Also making this title different is the fact that plot develops quite regularly over the course of the 26 episodes.
While Eden of the East was a love story with a convoluted poorly told story Future Diary has a strong narrative that interests the viewer and keeps them watching.
Each character is developed and given their own reasoning for their actions.
However, to say that Future Diary is just a love story wouldn’t be true. While there is a large element of romance, most of the story features horror elements.
Many of the characters are put through traumatic events that are played out through either the events of the plot or in flashback.
These elements really show off the better parts of the show as each event in a character’s life affects their motivations. This is no clearer than with Yuno herself.
Her story leads into some uncomfortable areas that give an insight into who she really is and why she’s so fixated on Yuki.
It’s these motivations that end up making the show so enjoyable.
It’s clear that the creators of Future Diary wanted to tell a good story and spent a lot of time setting-up solid characters and plot elements to make the ending mean something. The show uses the romance elements as a way of advancing characters and it feels natural to the overall story.
While the series looks like it’s a strong blending of romance and horror fiction, the series does kind of go off the rails near the end.
I’ve written in the past that show’s like Evanlelion play by their own rules and Future Diary tries to something similar. The show’s final moments move into some Matrix like areas that might leave a few viewers scratching their heads as to how they got there.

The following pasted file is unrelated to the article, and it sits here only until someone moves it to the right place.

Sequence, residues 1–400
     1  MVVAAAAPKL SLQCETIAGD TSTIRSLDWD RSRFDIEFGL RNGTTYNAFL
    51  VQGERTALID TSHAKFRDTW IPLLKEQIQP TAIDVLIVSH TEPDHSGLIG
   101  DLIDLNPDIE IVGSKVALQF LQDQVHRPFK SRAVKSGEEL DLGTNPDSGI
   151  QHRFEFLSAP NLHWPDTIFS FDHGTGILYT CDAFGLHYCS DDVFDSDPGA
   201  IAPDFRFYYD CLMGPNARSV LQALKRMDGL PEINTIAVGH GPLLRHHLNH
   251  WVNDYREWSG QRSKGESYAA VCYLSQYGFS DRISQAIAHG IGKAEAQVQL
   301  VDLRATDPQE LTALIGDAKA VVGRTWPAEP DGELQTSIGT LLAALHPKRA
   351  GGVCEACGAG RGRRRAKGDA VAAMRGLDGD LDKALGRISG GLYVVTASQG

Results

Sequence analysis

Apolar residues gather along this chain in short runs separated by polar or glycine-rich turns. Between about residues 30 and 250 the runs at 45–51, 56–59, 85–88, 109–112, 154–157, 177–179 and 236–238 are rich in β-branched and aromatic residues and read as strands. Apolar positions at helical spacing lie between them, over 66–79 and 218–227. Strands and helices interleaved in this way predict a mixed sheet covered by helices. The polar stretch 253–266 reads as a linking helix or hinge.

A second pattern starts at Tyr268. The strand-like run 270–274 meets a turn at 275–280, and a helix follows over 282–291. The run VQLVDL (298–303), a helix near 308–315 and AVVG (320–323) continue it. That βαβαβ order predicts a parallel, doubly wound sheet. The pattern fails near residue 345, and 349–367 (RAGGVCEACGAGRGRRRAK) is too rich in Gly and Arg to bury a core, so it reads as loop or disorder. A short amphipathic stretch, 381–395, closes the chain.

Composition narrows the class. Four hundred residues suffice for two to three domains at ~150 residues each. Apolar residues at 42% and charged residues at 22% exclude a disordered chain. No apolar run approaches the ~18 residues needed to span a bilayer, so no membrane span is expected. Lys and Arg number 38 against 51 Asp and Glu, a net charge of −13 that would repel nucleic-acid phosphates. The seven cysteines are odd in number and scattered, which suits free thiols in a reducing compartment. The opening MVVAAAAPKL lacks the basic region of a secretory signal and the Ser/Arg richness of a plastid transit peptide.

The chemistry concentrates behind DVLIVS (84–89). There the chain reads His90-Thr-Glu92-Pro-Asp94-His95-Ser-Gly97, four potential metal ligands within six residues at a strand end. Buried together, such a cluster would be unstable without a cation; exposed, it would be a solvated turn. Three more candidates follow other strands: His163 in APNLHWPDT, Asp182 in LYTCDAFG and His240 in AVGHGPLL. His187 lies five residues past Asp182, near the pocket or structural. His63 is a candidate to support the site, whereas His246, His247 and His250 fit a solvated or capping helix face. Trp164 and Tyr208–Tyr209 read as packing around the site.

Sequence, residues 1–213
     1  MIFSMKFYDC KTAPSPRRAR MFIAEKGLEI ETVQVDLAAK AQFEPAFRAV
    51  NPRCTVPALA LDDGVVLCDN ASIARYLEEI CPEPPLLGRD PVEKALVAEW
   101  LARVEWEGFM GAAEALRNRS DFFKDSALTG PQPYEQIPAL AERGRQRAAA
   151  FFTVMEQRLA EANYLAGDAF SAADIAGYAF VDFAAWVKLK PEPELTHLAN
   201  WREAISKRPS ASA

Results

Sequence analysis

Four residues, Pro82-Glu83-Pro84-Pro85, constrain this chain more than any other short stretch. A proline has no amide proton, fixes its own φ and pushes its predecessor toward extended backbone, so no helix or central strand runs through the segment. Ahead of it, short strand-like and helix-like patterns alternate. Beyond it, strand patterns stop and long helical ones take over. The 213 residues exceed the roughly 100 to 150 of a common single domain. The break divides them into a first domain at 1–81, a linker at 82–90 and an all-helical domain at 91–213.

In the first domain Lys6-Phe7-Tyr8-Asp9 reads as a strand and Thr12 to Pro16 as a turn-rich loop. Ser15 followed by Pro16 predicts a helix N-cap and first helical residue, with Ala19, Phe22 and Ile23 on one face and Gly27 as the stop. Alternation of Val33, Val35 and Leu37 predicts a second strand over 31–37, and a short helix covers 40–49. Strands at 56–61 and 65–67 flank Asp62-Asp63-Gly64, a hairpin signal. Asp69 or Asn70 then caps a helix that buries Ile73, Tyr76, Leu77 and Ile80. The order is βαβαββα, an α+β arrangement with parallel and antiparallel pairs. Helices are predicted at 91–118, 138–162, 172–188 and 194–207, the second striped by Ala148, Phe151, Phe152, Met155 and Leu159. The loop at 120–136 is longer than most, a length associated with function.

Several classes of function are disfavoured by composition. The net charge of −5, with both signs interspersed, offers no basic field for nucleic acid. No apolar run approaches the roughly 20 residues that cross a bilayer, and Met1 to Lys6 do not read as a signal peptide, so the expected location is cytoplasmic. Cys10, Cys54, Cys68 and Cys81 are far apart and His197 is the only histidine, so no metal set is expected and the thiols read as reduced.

Another thing you can hold against the show is it’s use of stock sound cues.
Over the course of the show a number of dramatic things happen and their met with some weak sound effects. The cues, seemingly taken from Final Cut cerca 2000 take the air out of some of the moments and make them almost laughable.
Adding to uninspired sound cues, I couldn’t help but notice that several characters look similar popular anime characters.
For example one of Yuki’s classmates, Aku bares more a resemblance to Kaworu from Evangelion. Additionally the terrorist character Keigo looks a bit like Revy from Black Lagoon but with Purple (ish) hair.
However, this could just be chalked up to insanity induced by spending hours of watching Breaking Bad, Evangelion and Future Diary all at the same time.
Despite the subpar sound cues and lookalike characters Future Diary is a good title. It’s interesting, dark and has its fair share of plot swerves that’ll keep people interested.
The Future Diary was produced by studio Asread and was based upon a series of manga titles written by Sakae Esuno and published by Kadokawa Shoten and Tokyopop. The series is licensed by Madman Entertainment (Australia), Funimation (North America) and Kaze UK.
A OVA episode was also produced in Japan called Redial however it hasn’t been translated and brought over to North America. Additionally a live action series was also produced in Japan. The show features a bit of a different plot but still uses many of the same plot elements.